People: On that horizontal orange navigation strip that appears at the top of each page, you’ll see the word "people." If you click on that you'll go to an area that shows you interesting people from throughout the Beliefnet Community (not just within your own group or friends network).
Profile: This is the page you create that faces the world. (Your "home page" is your personal, private start page).
Keywords: The same thing as "interests" or "tags." It's all the same. The main thing to remember is that these become underlined, clickable and then a pathway to find other people with similar interests or qualities.
Home Page: Your personal home page is the one at the upper left of that orange navigation. It's says "My Home Page" This is your personal start page. It is private. It has easy links to your inbox, pending friend requests, content feeds, updates from blogs you’ve subscribed to and links to anything else.
Message Board: Around these parts, we call them Forums.
Multimedia: In the profile creation process, we grouped audio and video on one page and gave it that jargonny name.
Permalink: On blog posts, audio entries and video posts, you'll see this word. If you click on that, it will give you a web address (or URL) that connects just to that one post, as opposed to the entire journal or page. You can then sent that URL to friends who might be particularly interested in that item.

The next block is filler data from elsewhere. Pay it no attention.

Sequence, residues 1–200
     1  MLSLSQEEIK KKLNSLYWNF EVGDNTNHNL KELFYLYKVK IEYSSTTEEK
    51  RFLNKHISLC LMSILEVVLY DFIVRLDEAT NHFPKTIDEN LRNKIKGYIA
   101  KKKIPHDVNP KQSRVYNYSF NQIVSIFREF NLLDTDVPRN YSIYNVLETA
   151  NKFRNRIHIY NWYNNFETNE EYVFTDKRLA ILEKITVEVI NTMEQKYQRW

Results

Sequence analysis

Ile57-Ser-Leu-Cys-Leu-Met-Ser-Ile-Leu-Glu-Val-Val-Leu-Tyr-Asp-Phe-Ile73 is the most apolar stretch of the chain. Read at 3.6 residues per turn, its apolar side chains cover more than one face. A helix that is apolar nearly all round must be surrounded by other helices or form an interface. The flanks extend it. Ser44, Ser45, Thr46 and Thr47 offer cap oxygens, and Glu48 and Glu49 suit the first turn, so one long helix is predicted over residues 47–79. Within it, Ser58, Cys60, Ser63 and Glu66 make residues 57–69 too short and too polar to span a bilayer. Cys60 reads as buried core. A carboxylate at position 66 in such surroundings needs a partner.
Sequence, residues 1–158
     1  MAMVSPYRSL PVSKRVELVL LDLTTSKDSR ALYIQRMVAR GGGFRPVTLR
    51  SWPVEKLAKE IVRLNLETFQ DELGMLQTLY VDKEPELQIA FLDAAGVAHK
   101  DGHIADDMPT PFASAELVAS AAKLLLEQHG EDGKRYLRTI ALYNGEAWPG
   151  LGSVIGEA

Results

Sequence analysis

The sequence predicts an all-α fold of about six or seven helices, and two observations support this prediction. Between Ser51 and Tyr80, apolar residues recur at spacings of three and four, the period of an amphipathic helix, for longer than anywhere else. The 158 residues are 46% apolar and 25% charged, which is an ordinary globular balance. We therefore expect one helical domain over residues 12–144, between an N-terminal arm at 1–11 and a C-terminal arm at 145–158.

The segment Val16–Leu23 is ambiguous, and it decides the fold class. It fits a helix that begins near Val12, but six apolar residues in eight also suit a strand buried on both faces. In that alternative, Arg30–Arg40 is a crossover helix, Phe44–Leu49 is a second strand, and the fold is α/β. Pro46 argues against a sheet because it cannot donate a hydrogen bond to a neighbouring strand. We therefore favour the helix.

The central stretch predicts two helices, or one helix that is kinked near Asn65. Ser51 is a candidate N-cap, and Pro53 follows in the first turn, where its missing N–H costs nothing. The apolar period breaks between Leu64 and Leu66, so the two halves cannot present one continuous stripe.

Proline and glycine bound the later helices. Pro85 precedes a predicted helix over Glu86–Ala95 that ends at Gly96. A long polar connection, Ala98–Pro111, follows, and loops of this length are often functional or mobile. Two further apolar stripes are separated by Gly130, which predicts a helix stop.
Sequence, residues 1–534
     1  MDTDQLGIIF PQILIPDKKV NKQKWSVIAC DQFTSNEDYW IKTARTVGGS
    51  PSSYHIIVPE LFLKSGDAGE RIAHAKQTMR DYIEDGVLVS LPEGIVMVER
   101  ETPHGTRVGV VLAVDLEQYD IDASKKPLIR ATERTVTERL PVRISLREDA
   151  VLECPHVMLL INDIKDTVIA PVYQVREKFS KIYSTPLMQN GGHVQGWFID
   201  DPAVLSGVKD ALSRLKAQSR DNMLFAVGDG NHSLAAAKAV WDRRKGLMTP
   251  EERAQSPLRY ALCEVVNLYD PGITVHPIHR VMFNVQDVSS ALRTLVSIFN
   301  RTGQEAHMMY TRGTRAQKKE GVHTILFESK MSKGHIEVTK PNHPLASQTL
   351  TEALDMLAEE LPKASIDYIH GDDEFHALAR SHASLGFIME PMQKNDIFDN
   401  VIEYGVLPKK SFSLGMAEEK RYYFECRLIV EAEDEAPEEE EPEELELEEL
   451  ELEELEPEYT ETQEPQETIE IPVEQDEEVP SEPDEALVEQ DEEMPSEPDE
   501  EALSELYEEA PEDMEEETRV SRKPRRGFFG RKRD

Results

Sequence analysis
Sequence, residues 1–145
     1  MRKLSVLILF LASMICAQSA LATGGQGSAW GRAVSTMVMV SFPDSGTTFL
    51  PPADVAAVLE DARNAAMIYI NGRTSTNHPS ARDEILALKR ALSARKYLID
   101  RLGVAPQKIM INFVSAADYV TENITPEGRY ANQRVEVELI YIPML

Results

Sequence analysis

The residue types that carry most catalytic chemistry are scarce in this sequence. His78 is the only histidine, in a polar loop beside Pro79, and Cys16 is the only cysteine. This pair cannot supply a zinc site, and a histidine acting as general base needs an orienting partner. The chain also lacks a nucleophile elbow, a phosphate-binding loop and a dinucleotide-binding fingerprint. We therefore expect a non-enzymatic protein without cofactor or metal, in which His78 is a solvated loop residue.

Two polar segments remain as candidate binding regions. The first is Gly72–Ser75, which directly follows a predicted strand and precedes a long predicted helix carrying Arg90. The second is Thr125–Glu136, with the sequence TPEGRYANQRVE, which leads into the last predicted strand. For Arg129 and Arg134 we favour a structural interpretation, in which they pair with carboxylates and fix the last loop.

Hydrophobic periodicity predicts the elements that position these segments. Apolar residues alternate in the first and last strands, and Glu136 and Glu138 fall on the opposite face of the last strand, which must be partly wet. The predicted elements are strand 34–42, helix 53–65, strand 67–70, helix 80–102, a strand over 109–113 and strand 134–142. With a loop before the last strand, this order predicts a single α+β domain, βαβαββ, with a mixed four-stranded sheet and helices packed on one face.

Prayer Circles: These are one of the first community tools we created at Beliefnet. We're very proud of them. We've now integrated them into this new Community area. It's a way you can create a simple description of a person, group or cause that needs prayers. Below that, people from around the world can add their prayers.
Report as Objectionable: On many parts of the site, you'll see this friendly phrase. It enables the community to help keep this as a safe and wholesome place. Click on that prhrase and it will send a message to Beliefnet's staff, which will inspect and, if inappropriate, remove the offending post.
Search: This is a search field for searching just within the Beliefnet Community, not the broader internet or the broader Belifnet content offerings. It will give you lists of people, groups, journals, forums of interest to you.
Small Group: In the religious or spiritual world, a small group is a term for an informal gathering of people usually 10-25 people who join for discussion, study, support, prayer or activities. Beliefnet is providing tools to help these "in person" groups use the internet to enhance their experience. We're also enabling people who cant join together in person to do so through "virtual groups."
Start Page: Here we call it your "home page" but other social networks sometimes refer to it as a "start page." It's your private page from which you can edit your profile, scan content feeds and regulate your public page.
Tags: This is the techy term for those interest "keywords" that get underlined and then link you to the rest of the world. Tags are the heart of social networking because they enable people to easily find material of interest with a click of the mouse.
Upload: When you're putting a photo, audio or video on our site, or others, it will sometimes ask you to "upload" it. That means pulling it from your own computer and putting it on our server.
Video Embed: One of the great new inventions enables you to take video that you or someone else have posted on YouTube or other sites and plop it right on to your personal page or blog. The garble of computer code that lets you do this is called the "embed code."
Virtual Group: We use the term "virtual group" to refer to a group of people who haven’t necessarily ever met each other in person but rather connected through the internet.